cmake -DCMAKE_BUILD_TYPE=$(Configuration) ../..;make clean

An example of the configuration is shown below.

If you created the project with the template described above and used the Project configuration wizard during that process, you do not need to perform these configuration steps, as the wizard sets the data for you.

To configure debugging, follow standard procedure described in this section and sections of the manual related to your target platform. At least, you need to enter executable location in the Debug/Executable path field.

Multiplatform development with CMake

CMake support in WinGDB integrates seamlessly with other mechanisms, including Systems. In order to develop for Windows and Linux simultaneously, just create two systems, named e.g. Windows and GCC. For Windows system, set Intercept standard IDE commands to No. It will ensure that Visual Studio project will be built and debugged locally. For GCC system, enter configuration settings as described above and set Intercept standard IDE commands to Yes. Now you can just switch between local Windows and remote Linux development with just two clicks, using the System selector box.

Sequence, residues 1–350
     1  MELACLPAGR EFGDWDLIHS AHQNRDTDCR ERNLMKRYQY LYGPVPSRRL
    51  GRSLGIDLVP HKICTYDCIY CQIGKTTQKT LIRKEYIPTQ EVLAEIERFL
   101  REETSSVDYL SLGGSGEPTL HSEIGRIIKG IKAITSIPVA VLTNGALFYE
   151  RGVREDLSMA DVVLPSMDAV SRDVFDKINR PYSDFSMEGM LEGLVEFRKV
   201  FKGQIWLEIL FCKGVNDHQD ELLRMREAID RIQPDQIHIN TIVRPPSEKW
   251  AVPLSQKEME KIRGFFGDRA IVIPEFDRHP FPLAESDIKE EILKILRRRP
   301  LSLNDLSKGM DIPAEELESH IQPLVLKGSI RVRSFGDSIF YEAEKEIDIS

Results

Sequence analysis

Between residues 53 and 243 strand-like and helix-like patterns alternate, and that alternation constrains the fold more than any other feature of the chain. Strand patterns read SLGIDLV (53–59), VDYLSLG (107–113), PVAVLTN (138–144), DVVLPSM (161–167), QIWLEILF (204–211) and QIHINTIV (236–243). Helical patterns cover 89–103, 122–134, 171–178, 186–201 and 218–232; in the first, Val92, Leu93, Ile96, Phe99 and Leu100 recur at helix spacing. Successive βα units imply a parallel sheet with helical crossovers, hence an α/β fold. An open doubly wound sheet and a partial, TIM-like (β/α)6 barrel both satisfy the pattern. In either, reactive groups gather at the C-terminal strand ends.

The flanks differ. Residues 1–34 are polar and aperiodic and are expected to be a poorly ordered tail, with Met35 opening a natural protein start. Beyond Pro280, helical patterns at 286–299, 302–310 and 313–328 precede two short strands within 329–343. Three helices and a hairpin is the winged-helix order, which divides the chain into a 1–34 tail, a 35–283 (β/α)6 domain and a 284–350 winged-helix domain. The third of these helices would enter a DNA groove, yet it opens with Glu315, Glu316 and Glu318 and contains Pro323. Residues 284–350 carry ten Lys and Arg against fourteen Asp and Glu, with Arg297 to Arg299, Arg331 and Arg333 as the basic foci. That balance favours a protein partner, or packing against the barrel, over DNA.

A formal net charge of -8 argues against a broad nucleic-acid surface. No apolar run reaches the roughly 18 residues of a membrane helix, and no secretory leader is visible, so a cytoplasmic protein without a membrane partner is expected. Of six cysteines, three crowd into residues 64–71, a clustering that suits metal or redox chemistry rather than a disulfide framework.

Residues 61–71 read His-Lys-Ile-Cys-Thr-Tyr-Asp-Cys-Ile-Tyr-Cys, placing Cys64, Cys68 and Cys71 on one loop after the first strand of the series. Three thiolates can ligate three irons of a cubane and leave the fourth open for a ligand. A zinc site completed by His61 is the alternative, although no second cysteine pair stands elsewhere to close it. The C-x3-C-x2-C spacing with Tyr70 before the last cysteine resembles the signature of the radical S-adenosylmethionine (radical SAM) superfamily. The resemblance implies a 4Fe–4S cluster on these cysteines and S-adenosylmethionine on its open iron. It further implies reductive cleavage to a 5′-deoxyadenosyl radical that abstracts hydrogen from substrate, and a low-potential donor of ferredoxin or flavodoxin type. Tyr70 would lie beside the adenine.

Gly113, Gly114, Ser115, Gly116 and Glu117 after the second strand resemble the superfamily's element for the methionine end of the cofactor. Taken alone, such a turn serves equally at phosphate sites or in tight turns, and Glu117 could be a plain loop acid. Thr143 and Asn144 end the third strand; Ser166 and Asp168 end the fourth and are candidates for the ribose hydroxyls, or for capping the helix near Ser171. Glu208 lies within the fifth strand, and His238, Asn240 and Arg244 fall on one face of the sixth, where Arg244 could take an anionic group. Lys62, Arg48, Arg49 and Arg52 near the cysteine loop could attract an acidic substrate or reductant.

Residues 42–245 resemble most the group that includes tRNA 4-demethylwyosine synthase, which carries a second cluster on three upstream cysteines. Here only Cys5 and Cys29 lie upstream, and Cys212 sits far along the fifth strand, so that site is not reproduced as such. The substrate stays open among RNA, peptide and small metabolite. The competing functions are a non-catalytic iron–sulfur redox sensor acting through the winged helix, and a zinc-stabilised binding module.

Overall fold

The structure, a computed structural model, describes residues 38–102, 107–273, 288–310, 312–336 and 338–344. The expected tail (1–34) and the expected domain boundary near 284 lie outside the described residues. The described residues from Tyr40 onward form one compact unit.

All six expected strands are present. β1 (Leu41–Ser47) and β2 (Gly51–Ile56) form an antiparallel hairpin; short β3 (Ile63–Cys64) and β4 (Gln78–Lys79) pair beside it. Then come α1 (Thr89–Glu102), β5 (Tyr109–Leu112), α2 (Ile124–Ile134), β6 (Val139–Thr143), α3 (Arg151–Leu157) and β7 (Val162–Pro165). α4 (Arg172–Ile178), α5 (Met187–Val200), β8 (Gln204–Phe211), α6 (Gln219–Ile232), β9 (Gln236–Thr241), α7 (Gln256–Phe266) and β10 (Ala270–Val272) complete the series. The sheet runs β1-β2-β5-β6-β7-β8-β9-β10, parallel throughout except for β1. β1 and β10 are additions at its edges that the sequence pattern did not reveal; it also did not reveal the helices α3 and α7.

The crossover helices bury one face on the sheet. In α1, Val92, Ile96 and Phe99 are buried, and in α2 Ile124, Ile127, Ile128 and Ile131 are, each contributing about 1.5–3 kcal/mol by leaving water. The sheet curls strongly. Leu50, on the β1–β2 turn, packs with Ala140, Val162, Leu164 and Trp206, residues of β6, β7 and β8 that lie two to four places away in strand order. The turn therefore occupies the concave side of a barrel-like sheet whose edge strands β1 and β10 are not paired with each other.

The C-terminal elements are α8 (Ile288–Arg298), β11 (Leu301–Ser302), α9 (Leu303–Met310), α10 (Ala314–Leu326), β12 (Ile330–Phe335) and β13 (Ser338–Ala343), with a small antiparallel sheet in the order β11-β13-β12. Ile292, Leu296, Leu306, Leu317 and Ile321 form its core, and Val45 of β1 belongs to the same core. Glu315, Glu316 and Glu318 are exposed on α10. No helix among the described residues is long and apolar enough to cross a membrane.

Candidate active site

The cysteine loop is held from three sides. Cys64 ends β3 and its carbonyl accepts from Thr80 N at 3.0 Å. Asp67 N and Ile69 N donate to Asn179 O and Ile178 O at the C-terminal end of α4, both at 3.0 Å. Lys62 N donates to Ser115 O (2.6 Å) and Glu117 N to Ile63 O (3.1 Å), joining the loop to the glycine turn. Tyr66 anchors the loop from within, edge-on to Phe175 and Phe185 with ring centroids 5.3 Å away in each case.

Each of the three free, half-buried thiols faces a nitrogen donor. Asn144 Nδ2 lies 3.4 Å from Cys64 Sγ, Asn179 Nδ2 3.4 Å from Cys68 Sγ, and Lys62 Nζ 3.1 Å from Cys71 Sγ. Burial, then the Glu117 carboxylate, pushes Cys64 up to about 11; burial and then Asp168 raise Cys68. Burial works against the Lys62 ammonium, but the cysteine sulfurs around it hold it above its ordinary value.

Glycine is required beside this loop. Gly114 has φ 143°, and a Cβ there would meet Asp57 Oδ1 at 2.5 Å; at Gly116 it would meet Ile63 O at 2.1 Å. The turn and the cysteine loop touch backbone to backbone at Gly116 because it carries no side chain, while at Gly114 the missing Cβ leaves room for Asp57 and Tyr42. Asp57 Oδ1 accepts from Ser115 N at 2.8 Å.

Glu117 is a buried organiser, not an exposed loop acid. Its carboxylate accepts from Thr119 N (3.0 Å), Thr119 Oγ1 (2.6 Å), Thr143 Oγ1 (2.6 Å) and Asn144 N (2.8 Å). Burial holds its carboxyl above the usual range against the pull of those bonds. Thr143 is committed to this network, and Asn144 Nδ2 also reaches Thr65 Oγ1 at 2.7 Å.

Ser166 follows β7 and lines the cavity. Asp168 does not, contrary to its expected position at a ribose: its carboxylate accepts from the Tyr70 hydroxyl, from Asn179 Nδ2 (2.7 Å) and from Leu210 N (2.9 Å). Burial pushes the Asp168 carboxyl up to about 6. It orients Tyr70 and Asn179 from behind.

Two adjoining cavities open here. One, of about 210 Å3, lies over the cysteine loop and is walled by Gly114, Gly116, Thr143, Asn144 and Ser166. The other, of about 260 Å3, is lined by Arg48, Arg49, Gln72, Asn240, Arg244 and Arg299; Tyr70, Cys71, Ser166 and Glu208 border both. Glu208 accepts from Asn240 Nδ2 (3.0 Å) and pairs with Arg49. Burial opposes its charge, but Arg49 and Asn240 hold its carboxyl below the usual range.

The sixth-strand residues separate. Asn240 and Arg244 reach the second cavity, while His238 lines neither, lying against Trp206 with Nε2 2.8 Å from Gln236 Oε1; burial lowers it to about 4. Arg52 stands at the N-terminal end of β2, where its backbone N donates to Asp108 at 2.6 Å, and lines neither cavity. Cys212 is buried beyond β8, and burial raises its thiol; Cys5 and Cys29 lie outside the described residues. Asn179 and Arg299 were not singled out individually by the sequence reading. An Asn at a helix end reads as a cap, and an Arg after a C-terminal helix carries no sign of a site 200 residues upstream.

Updating CMake list files automatically

When you add, remove or rename files in the project using the Solution Explorer, WinGDB can automatically update corresponding CMakeLists.txt file. The list file must list the sources explicitly to make the updating possible. Updating can also be enabled or disabled in project properties. To control this, open WinGDB / Properties (or Persistent properties) on the solution, go to Automated flow page and set Update CMakeList on files change. to the desired value.

If your CMake project is complex and it enumerates sources by some other way than directly listing them in a command, update will not be performed.

You can also set control updating per project instead of entire solution, although it is usually not the most convenient option. However, if updating does not behave as you expected, it is woth checking whether it were not accidentally disabled in project settings (as project settings override ones inherited from the solution).